$8.9 million were $158,203 short of the monthly estimate. The table games tax is
$3.2 million above estimate for the year.
As we enter the final month of the fiscal year, it is important to note that
the May surplus, and much of the yearly surplus, results from one-time revenues
that cannot be counted on in future years to help offset the structural budget
deficit. In addition, the year-to-date surplus will be significantly reduced by
year’s end due to $220 million of casino license fees and gas lease revenues
that will not be remitted in June as was anticipated in the Official Revenue
Recurring revenue sources, combined with continued fiscal restraint on the
spending side of the budgeting equation, are the keys to future fiscal stability
for the Commonwealth. Enactment of liquor and pension reforms put forth by the
House and Senate majority caucuses will provide recurring revenues and budgetary
savings that will put the Commonwealth on a stabilized fiscal trajectory.
Rainy Day Fund
The Budget Stabilization Reserve Fund which is commonly referred to as the
“Rainy Day Funds,” is a special
revenue fund designated to receive a statutorily determined portion of any
General Fund fiscal year-end surplus. The Fiscal Code specifically provides that
25% of any General Fund surplus occurring at the end a fiscal year must be
deposited in the Rainy Day Fund by the end of the next succeeding quarter. When
the balance of the Rainy Day Fund equals or exceeds six percent of that year’s
revenue collections, the statutory transfer requirement is reduced to 10%.
Monies deposited in the Rainy Day Fund may only be used by the Commonwealth
when emergencies involving the health, safety or welfare of Pennsylvania
citizens or economic downturns resulting in significant unanticipated revenue
shortfalls that cannot be dealt with through the normal budget process. In
addition, the Commonwealth is prohibited from using Rainy Day Fund monies to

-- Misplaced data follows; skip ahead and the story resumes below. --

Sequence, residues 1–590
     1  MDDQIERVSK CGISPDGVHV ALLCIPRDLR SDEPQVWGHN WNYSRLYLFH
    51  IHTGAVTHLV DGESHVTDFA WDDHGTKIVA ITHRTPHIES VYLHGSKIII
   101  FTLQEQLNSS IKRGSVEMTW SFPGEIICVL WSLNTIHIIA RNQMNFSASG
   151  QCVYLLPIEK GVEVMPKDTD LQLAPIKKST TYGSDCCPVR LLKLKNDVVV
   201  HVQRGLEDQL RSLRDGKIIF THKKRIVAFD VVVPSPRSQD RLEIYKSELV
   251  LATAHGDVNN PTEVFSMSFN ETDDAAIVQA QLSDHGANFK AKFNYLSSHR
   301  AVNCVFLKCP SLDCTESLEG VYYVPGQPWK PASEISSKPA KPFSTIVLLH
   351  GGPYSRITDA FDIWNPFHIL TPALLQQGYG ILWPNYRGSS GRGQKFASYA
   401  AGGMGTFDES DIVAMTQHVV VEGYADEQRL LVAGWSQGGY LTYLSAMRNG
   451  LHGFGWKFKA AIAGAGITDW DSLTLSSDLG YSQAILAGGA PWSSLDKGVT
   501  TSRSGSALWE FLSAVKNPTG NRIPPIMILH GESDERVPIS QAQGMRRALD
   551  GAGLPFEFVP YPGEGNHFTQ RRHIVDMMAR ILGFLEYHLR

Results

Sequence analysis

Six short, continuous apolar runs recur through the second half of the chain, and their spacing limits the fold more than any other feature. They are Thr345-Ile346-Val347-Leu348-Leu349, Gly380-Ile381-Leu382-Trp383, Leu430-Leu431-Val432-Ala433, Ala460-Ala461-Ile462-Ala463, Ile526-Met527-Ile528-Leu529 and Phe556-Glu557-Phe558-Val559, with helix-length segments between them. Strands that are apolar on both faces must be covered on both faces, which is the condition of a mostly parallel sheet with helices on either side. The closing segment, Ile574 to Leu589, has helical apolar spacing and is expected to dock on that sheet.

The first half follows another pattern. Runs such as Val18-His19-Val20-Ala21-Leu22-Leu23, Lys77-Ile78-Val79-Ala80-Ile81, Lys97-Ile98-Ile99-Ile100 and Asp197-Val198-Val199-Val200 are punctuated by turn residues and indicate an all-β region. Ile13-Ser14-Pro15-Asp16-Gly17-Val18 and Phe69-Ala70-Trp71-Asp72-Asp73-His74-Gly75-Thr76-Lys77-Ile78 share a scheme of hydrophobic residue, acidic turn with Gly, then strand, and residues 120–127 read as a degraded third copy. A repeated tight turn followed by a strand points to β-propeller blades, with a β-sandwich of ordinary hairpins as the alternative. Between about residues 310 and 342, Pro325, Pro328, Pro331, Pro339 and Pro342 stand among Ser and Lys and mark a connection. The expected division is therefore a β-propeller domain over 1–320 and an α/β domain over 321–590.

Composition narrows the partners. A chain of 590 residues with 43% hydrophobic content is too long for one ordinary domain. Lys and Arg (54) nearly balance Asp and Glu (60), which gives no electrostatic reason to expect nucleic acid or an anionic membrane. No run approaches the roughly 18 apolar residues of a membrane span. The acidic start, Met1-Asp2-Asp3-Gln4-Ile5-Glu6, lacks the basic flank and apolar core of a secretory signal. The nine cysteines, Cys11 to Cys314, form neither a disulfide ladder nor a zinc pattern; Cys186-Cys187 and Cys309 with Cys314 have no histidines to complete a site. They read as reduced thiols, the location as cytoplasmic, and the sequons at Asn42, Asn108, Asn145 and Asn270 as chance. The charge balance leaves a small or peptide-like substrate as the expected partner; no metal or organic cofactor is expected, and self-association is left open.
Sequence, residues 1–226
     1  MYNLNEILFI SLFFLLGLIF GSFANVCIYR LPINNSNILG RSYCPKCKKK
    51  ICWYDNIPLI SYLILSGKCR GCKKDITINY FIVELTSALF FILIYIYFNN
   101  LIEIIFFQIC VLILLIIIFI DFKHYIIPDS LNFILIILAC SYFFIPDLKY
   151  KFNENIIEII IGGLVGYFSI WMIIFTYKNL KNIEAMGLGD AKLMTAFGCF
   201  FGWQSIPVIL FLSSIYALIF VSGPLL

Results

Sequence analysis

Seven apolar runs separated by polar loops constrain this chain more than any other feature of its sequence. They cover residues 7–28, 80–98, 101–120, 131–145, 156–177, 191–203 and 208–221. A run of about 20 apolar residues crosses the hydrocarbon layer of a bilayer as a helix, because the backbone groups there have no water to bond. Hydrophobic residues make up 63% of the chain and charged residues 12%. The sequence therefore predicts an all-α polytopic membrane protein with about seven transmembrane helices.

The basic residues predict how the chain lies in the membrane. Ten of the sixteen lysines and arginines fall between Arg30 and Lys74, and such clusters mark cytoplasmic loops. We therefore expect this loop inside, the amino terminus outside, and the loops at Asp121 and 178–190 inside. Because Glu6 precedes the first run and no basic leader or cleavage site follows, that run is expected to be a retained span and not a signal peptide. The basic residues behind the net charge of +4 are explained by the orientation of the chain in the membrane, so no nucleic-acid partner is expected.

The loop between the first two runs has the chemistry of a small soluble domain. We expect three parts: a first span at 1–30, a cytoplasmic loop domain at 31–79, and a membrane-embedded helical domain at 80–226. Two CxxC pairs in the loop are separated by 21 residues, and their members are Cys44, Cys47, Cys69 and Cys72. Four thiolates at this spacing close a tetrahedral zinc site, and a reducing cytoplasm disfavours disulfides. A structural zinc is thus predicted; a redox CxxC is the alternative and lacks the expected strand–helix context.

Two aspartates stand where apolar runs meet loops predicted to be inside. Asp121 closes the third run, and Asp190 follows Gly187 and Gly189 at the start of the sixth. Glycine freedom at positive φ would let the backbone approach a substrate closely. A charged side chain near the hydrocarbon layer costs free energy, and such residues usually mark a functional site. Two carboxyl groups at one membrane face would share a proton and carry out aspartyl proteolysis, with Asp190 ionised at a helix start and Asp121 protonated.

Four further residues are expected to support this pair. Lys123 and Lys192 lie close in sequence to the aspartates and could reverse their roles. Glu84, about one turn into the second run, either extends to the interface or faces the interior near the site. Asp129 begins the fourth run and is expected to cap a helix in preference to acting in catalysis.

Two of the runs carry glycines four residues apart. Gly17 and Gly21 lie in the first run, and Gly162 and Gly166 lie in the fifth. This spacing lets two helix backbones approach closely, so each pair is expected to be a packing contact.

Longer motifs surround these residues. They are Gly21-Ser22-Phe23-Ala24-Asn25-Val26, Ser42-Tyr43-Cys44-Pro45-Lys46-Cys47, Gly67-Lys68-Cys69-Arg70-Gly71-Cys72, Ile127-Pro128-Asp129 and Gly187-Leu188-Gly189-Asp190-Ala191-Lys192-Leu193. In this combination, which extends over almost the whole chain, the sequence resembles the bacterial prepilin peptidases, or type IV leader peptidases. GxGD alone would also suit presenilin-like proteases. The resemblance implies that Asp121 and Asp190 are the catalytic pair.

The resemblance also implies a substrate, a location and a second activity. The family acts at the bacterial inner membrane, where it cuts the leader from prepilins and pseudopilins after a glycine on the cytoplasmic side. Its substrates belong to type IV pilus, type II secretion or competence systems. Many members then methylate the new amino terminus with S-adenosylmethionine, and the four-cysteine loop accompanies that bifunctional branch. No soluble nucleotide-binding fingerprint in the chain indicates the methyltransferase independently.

begin or fund new programs but may use such monies to fund vital programs in
danger of being eliminated or reduced due to economic downturn.
Balances in the Rainy Day Fund may only be appropriated upon request of the
Governor and requires the approval of a separate appropriation bill by a vote of
two-thirds of the members elected to the Senate and the House of
The current Rainy Day Fund balance is $231,000, an amount that would support
the state government for about four minutes. On average, states maintain 5.9% of
annual spending in their Rainy Day Funds. For Pennsylvania that would equal $1.7
billion. As recently as 2009, Pennsylvania’s Rainy Day Fund
balance was $755 million. However, the Great Recession and its impact on
Commonwealth revenues necessitated the transfer of those monies to the General
Fund to support the operation of state government as part of the Fiscal Year
2009-10 budget. Since that time, it has been necessary to suspend transfers to
the Rainy Day Fund in order to balance subsequent years budgets.
The following charts provide additional detail and perspective on the
Commonwealth’s reserve fund.
Contact Senator Browne:
On the Web:
702 W. Hamilton Street
9 AM to 5 PM
281 Main Capitol
9 AM to 4:30 PM
Western Lehigh County
Upper Macungie Township Building
8330 Schantz Road
By Appointment Only
Northern Lehigh County
North Whitehall Township Building
3256 Levans Road
Coplay, PA 18037
By Appointment Only